Prof. Ernst Wertheim (1864-1920), since 1910 full professor at the II. University Women's Hospital, was the first to introduce a surgical treatment method (total removal) of cervical cancer, which until then had not been curable. However, the operation shown in the picture is (see literature) a removal of a uterine myoma (a benign uterine tumor). Except for some artistic details (the doctors do not wear caps and Dr. Micholitsch should not stand at the side of the patient, but between her legs) the operation is depicted in correct detail. The operation probably took place in the Bettina Foundation Pavilion of the k. k. Kaiserin-Elisabeth-Spital (named after Bettina, the late wife of Albert Freiherr von Rothschild), where Wertheim worked before his appointment to the University Women's Hospital. (Regarding the minimal "artistic adjustments" at the surgery "session", which did not pose any hygienic risks, Prof. Wertheim gives a detailed statement in the interview with Wr. Med. Wochenschrift 1909 (see literature), which is not without humor - for example, he clarifies that he did not need a surgical cap due to his baldness). The subtle color nuances of the white tones depicted by Adams are equally faithful. The hue going into light yellow represents (waterproof) surgical aprons, which were made of so-called Billroth batiste. As Prof. Wertheim explains, the long friendship between him and Adams enabled the latter to observe operations and also to depict them in the Operation. From Wertheim's point of view: "the audience should see us at work; they should get an idea of how such things go on. No secrecy in medical matters!" It is also astonishing that only 5 weeks passed between Adams' request to Wertheim to paint a live operation and the exhibition of the finished large-scale painting. This is another proof of the artist's quick working method.

The reaction of the press to the painting exhibited in the Künstlerhaus, on the other hand, was almost entirely shocked to the point of rejection. Both the depiction of an operation, even more so in the delicate genital area, the realism of the depiction with the gaping wound and the red fibroid met with widespread rejection. As an anecdote, it is reported that the exhibition commission also criticized the painting, whereupon Adams allegedly removed the glass cover of the painting and painted a veiling surgical drape over the wound on its inner side, which could later be easily removed from the glass (Dessauer, Adams obituary, die Presse April 6, 1933). As is so often the case, posterity comes to different conclusions in art matters than the contemporary press: the Adams painting "The Operation" is both a documentary and artistic masterpiece, which certainly deserves a better location and accessibility than being lovelessly "put up" in a dark, low ceiling artificial light corridor in a Plexiglas "cage" in the AKH, a setting which proved impossible to photograph. Therefore, there is currently no complete color image of the painting available - hence the double image in black and white of the whole picture, and existing image detail in color). Comparisons with contemporary paintings by Adalbert Seligmann (1890), Max Oppenheimer (1912) and Christian Schad (1929), see cross-references, are informative and confirm the assessment of Adam's painting as a masterpiece, which, unfortunately, has almost completely disappeared from public knowledge and appreciation.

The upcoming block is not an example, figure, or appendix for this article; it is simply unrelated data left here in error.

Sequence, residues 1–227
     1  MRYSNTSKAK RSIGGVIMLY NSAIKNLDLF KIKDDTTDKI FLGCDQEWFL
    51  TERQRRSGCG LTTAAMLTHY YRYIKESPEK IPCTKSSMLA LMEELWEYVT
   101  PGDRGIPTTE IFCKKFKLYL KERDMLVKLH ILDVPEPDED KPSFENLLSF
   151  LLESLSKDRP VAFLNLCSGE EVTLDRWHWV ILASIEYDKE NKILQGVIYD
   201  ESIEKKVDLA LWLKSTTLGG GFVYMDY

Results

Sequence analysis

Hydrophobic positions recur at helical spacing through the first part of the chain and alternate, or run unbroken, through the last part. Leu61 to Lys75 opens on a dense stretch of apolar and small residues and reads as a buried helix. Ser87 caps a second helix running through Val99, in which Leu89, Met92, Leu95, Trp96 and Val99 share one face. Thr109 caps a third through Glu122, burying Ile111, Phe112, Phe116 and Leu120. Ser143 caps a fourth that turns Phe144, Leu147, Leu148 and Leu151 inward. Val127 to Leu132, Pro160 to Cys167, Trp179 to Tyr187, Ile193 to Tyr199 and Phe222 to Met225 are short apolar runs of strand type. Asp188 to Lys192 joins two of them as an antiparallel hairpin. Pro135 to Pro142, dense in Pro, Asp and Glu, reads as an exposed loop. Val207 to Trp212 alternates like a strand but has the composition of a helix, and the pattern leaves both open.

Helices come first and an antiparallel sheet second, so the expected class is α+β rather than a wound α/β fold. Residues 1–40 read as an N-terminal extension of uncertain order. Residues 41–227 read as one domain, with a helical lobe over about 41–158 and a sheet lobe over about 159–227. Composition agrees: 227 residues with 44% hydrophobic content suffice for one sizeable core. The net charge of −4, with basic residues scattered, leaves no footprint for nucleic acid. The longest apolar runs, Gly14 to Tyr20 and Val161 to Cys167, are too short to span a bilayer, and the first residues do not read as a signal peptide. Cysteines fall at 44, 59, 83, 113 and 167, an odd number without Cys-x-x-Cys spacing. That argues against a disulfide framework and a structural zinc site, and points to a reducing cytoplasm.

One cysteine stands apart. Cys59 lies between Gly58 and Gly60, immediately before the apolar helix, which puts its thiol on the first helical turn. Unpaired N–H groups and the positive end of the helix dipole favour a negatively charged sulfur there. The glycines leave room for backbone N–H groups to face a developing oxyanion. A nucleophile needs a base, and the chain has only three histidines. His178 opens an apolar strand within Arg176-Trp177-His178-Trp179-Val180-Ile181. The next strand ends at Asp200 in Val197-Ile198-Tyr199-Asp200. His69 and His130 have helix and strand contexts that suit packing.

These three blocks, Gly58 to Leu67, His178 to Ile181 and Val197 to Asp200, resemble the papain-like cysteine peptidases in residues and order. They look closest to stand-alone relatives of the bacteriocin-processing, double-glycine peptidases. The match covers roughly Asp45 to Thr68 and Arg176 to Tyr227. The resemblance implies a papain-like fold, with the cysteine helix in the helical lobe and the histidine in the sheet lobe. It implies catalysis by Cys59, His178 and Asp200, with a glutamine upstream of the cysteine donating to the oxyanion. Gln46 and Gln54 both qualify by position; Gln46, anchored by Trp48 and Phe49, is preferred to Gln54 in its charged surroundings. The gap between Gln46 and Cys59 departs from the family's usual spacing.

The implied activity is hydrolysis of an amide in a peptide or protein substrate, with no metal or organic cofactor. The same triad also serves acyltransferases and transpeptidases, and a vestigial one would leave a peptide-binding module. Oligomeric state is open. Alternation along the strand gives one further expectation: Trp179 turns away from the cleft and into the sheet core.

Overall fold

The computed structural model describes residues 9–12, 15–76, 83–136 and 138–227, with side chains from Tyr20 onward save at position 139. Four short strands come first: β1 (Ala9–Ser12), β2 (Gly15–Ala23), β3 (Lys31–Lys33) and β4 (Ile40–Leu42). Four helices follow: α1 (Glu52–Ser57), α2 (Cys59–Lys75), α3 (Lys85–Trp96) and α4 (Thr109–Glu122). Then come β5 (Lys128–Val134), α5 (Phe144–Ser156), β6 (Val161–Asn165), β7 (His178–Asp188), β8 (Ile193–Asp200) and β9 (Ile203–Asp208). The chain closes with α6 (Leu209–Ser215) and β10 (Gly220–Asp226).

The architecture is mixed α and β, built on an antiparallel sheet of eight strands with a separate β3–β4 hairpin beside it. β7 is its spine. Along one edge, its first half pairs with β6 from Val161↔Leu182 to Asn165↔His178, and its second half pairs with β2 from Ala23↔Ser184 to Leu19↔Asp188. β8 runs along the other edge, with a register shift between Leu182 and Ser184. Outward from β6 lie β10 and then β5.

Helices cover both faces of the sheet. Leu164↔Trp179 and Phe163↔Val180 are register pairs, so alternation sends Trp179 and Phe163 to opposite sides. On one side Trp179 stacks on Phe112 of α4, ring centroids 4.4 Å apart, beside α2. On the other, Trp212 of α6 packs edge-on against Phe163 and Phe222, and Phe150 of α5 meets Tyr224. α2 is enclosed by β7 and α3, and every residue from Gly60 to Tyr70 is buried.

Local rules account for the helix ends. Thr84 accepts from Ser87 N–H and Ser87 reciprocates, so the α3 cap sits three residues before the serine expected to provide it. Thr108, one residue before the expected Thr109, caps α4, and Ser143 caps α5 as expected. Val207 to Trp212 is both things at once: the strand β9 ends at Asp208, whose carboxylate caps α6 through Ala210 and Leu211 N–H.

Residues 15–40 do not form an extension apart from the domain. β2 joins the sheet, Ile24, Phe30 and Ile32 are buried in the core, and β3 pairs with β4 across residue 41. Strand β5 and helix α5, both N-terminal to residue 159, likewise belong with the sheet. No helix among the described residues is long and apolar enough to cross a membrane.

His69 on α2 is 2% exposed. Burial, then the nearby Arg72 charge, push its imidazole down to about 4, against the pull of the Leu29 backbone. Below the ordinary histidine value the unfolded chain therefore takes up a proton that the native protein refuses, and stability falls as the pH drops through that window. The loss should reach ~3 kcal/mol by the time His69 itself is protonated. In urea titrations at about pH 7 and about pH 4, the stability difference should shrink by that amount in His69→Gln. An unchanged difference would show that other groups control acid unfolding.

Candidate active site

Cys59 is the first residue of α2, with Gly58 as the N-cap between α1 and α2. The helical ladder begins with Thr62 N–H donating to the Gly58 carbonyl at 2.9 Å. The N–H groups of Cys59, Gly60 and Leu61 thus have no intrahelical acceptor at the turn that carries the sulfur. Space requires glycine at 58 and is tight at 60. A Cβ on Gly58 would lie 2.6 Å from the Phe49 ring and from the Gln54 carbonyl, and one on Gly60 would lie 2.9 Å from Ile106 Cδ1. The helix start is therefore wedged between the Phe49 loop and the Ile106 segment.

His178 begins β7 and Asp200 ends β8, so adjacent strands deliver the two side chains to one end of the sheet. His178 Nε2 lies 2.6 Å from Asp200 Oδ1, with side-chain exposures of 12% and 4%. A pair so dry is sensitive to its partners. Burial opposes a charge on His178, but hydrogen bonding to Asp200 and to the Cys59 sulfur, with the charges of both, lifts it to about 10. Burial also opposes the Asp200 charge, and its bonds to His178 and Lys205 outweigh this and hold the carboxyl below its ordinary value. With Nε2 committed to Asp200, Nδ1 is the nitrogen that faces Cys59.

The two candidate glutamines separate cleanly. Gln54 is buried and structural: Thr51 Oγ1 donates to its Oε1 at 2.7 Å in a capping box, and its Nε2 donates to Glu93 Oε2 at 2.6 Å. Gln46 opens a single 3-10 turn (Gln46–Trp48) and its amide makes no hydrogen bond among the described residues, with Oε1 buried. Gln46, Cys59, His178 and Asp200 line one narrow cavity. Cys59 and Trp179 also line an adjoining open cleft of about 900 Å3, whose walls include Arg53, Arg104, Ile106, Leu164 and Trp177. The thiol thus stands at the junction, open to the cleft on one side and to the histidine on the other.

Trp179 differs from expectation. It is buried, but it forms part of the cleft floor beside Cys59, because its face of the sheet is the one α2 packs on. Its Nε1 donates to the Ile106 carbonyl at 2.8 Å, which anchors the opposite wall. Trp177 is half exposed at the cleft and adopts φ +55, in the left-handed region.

Exhibited

1909 Künstlerhaus Wien (EL 53 1909/10 #1516, referred to as "Prof. Wertheim during an operation").

1913/14 Künstlerhaus Exhibition in the Müveszház, Budapest #3.

1986 Academy Schillerplatz Vienna 1986, Viennese Society in Portrait, Catalog No. 21.

Literature

Schaffer/Eisenburger 1986, Austellungskatalog #21 (w. color reproduction, colors distorted to yellowish).

APH, Werksverzeichnis JQA 1995, S. 96, Kat.#65, Abb.#47 (S/W).

A. Schaller, Das Wertheimbild, Gyn.Geb.Rund. 1994, 34:37-42.

Wiener Medizinische Wochenschrift 1909, 13:723-724.

Provenance

Until c. 1930-33 with the artist.
Unknown.
1986 2nd University Women's Hospital, Vienna.
Since 1993 University of Vienna, Institute for the History of Medicine Josefinum, Vienna.